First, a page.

When we moved into this house almost 4 years ago, we knew it was going to be hard. My dad looked around for a second viewing and agreed that everything needed doing: central heating, roof, replastering, woodworm floors, dodgy extension, damp, every room basically needed ripping out and putting back.
We didn’t take many ‘before’ photos as we moved right in with all our belongings, plus I remember saying that I wanted to look forward and not remember some of the tough times (this was obviously before we started documenting renovations – I now wish we’d taken more!).
I remember the first night moving in (there was a delay with the sale and we didn’t end up getting into the property until 10pm!) – we couldn’t do the spring clean I intended and had to put up our bed in record time, as I hoovered up mouse droppings!
As hard as it has been, we knew what was in store. We knew it was the deal, the house was top of our budget and apart from essential work like heating (we moved in during winter), we would have to wait, save and remortgage before any big jobs could be done. We stayed at parents’ houses for a few nights here and there but work-wise we needed to be in London and around for the builders so we didn’t move out at any point.
Now I know that everyone is different and most houses have different amounts of work needing doing, so this is a rough list of things that we found useful during the darkest times, especially if anyone is considering a renovation project.
If, like us, you decide to tackle a renovation room by room (which, I will add, isn’t the cheapest way to do it, more just cost effective in terms of access to funds – we could never have gotten our hands on enough money to do this house all at once), it actually really helps to live in the property for a bit. It really helps you get used to the space and how you use it. Really take that time to decide what rooms are most important to you, or the most cost effective to renovate quickly/cheaply. For some the kitchen is a deal breaker, for us it was the bathroom. We didn’t have enough money to do the kitchen properly but we could borrow enough from a small remortgage to do up a bathroom and, considering there were even periods where we got rid of the water tank so didn’t even have running water for a while, I just wanted to have somewhere tranquil where we could shower and feel clean – not something I felt everyday in our home.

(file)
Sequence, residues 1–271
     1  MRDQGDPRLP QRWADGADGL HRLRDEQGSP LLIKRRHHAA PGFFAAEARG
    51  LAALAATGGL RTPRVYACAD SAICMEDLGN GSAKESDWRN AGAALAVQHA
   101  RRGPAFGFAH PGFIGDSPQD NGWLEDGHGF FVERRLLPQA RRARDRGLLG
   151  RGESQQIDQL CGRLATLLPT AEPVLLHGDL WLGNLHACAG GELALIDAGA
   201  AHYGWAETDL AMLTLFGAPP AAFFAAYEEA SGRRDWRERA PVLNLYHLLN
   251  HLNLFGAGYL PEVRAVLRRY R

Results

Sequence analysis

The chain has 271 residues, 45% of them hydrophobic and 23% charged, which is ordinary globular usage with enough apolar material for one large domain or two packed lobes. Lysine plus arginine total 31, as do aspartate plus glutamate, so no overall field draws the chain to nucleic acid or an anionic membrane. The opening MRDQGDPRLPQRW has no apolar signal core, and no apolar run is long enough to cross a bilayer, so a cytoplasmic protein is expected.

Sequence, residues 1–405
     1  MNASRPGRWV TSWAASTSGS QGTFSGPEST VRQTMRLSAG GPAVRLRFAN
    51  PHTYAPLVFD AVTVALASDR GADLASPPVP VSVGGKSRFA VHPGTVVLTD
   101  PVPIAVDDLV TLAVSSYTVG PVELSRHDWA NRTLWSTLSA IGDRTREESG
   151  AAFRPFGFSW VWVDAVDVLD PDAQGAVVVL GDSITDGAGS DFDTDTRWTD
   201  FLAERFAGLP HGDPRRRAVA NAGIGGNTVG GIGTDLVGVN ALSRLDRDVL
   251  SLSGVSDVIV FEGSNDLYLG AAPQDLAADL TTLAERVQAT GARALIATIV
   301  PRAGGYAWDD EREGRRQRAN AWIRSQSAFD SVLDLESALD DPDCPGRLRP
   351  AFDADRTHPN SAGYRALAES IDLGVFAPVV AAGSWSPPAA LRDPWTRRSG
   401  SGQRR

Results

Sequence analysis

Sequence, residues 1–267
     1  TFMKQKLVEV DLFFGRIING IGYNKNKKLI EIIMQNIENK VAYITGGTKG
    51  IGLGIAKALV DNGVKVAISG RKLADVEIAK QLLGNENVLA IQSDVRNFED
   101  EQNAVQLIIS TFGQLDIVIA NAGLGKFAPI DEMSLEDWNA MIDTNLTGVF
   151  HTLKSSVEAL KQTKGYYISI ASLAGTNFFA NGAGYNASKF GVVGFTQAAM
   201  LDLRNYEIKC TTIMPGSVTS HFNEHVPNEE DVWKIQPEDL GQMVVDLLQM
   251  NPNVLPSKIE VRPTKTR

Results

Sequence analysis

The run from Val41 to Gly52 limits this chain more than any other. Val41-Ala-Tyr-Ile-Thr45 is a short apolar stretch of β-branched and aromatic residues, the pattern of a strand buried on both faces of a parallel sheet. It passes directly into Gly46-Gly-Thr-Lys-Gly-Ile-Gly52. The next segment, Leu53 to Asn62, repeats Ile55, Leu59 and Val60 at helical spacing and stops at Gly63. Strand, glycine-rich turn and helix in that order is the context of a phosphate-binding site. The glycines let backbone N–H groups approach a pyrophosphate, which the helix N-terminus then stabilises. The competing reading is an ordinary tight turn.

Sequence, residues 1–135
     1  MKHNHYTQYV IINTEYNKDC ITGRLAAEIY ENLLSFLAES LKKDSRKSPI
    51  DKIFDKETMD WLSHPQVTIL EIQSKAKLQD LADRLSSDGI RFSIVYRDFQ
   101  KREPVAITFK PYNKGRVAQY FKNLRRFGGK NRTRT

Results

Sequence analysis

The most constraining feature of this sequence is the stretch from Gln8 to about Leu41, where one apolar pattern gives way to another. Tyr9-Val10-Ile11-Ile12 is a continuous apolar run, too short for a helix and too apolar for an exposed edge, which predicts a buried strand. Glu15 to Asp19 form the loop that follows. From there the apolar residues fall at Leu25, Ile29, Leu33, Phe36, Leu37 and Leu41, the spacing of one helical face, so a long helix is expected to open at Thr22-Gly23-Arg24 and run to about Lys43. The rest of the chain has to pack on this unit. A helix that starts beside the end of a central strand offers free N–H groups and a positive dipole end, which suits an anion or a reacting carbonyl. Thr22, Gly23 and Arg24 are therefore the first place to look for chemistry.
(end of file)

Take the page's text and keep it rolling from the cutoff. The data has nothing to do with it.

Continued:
Without a kitchen, we planned the first few weeks around friends’ houses – they’d cook us dinner and then we’d use their shower after! We’d stagger this with chip shop takeaways and microwave meals off paper plates until we had a sink and running water to wash things with. Chris joined a cheap gym to shower in (and has never signed up again since!!).
After a few months, the bathroom was done and we could shower!
Our builder plumbed in a temporary sink for us to use in what would eventually be our kitchen (we got one from Ikea, but Gumtree has loads if you search Ikea free standing sink). We bought one plug in portable hob (although later upgraded it to two – which I would recommend!), we had a microwave already and then we found a mini oven from Lidl for £20 which has served us well for almost 4 years now!
Although we haven’t been cooking anything gourmet, it hasn’t felt a huge compromise – we have learnt to make a lot of one pot meals (I can highly recommend Lorraine Pascale’s chilli con carne and Deliciously Ella’s cannellini bean stew) and we’ve just had to simplify what we make. I cannot wait to get my juicer back out one day and make a lunch for family with lots of little dishes – but it makes the wait worthwhile!
Now, I’m not one for hoarding BUT I would say to keep hold of anything that might be useful when it comes to renovations! My mum offered up a small roll of leftover carpet from their loft and I have to say, I laid a strip next to our bed so my bare feet could touch something clean and soft rather than having to put shoes on immediately out of bed. It offered a little bit of solace – and as rooms were finished we ended up moving it around, it eventually ended up by our portable rail and will go in our loft to help dusty footprints! We took a lot of half used tins of paint with us and friends offered spare leftover paint they had, which we used to paint the living room to make it liveable when we first moved in.
My next point is a bit of first world problem but I made sure I had a few different pairs of slippers, as the dust of living within a renovation is relentless. We set up rules so that we didn’t continually traipse dust and dirt through ‘nice’ rooms as they were completed. One of the reasons we focused on the hallway before the kitchen was because it joined so many rooms together, having that room finished and dirt-free was a huge deal psychologically and meant we contained most of the dirt to the back of the house (and has meant limited dust through the house for this final part of the kitchen building work!).
Chris and I discuss a LOT whether we’d ever do it again and to be honest, as rewarding as this has been, I’m not sure we would. Financially, we couldn’t afford to, but also mainly with a toddler we’ve found this latest stage has been harder, it’s difficult to keep a child away from dangerous objects etc, and you miss all your comforts even more when you’re raising a child (let’s just say this lockdown has had its challenges!). But as everyone says, despite the rollercoaster, it is always worth it and the fact that we are ahead of schedule with works is a great feeling. We will still have a lot of work to do outside (roof replacement, pointing, garden etc) but for us, it already feels like home on the inside.